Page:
Plaintiff seeks judge’s removal over ‘intimate’ hand clasp with opposing lawyer

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Judge William Thomas

Miami-Dade Circuit Judge William Thomas. Photo from the 11th Judicial Circuit of Florida.

A condominium association is asking a Florida appeals court to kick the judge off its case because he affectionately clasped the hands of the opposing counsel after she approached the bench to speak about an unrelated matter.

The De Soleil South Beach Residential Condominium Association has filed a petition for a writ of prohibition to remove Judge William Thomas from the case, the Daily Business Review reports. Previous coverage has identified the judge as openly gay.

The opposing lawyer is Mary Barzee Flores, a former judge who served on the Miami-Dade circuit court at the same time as Thomas before she left the bench in 2011. She also worked in the federal public defender’s office with Thomas.

The hand clasp occurred at the conclusion of a status conference Jan. 17, according to the condo association petition. After Barzee Flores approached the judge, she placed her hands on the bench in front of him.

“While they were speaking, Judge Thomas took his two hands and clasped former Judge Barzee-Flores’ hands in a highly unusual and intimate sign of affection,” the petition says.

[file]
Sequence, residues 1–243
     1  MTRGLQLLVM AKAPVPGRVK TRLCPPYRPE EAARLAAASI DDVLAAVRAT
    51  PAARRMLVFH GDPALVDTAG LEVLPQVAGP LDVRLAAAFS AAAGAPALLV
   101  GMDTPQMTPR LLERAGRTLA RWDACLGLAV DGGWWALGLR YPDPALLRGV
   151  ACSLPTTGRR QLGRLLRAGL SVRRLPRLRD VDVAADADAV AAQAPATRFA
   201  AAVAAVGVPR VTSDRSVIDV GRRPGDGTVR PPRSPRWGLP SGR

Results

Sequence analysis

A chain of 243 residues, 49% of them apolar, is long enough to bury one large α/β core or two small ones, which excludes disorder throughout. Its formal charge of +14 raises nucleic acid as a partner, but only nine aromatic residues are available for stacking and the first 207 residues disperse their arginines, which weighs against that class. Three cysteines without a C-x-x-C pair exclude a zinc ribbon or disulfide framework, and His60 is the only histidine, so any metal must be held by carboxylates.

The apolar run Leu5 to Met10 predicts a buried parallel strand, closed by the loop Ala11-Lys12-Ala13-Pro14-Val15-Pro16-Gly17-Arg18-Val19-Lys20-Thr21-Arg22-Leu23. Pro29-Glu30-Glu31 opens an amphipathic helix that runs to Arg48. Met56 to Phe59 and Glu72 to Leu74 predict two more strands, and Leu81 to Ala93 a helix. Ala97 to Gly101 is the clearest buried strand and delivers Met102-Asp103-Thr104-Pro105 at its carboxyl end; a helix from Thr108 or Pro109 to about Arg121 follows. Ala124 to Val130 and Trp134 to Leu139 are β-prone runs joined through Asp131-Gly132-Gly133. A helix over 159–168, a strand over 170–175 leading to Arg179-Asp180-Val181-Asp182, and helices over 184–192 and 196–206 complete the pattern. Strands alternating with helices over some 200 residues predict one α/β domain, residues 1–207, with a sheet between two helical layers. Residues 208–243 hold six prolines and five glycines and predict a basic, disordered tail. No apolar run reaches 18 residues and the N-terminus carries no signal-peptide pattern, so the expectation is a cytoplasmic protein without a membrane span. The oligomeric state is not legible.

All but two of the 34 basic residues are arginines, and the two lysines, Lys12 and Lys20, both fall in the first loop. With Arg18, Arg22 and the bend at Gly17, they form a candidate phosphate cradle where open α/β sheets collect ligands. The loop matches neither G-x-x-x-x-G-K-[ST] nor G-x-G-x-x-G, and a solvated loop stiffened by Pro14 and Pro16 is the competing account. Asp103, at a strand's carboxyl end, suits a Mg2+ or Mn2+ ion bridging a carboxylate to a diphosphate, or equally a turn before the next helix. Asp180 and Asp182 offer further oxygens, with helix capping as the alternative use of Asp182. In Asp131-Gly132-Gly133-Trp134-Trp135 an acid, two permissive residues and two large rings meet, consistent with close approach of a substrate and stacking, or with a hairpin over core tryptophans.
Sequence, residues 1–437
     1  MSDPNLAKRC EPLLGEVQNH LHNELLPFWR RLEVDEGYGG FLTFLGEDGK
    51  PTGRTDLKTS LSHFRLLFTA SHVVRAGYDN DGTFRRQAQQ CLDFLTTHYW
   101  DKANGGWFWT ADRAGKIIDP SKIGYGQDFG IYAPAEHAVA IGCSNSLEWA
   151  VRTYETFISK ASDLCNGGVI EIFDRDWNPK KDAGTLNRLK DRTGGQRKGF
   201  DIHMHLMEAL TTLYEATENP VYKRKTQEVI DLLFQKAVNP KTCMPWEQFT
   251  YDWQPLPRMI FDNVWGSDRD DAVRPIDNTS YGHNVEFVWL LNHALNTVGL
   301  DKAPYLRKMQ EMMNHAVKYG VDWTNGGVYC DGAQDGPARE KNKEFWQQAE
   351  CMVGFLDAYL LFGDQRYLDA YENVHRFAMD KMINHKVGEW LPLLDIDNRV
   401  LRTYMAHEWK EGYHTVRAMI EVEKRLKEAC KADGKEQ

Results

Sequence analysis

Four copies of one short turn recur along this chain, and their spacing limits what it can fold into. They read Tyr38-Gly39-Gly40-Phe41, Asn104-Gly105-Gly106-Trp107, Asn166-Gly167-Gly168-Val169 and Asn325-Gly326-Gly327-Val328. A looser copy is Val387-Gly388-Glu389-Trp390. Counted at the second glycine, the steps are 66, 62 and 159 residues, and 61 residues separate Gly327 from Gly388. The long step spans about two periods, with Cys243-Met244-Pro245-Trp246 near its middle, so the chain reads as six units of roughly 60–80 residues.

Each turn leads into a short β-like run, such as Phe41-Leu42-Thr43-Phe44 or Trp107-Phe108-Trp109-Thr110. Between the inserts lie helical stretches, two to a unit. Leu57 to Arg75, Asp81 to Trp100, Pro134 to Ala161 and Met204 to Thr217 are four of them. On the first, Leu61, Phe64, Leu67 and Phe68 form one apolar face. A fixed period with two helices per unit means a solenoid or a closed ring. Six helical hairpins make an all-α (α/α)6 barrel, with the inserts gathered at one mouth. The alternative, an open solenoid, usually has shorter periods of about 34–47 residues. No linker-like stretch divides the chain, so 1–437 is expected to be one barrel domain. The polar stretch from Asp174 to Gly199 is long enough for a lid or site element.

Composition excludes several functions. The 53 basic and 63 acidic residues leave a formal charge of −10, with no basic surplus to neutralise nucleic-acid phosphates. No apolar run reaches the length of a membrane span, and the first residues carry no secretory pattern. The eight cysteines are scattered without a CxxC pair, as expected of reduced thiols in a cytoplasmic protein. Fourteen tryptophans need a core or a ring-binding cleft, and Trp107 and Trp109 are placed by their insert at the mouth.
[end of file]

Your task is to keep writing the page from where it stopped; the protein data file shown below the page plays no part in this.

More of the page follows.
Throughout the conversation, which lasted a few minutes, the hand clasping between Barzee Flores and Thomas led the condo president “to reasonably believe that their relationship was so close and tender that it appeared familial or one based on a lifelong or extremely personal relationship,” the petition says.

During the status conference before the incident, Thomas also appeared to favor Barzee Flores, the petition says. Thomas would look directly at Barzee Flores, “giving her his rapt attention and respect.” But when condo lawyers spoke, “Thomas would look down or appear annoyed and even displayed a tone of hostility.”

Thomas denied a motion to disqualify himself on Feb. 4.

A response to the motion says Barzee Flores had approached Thomas to tell him about her new position as deputy commissioner for consumer affairs for Florida’s agriculture commissioner. She is no longer on the case because of the new job.

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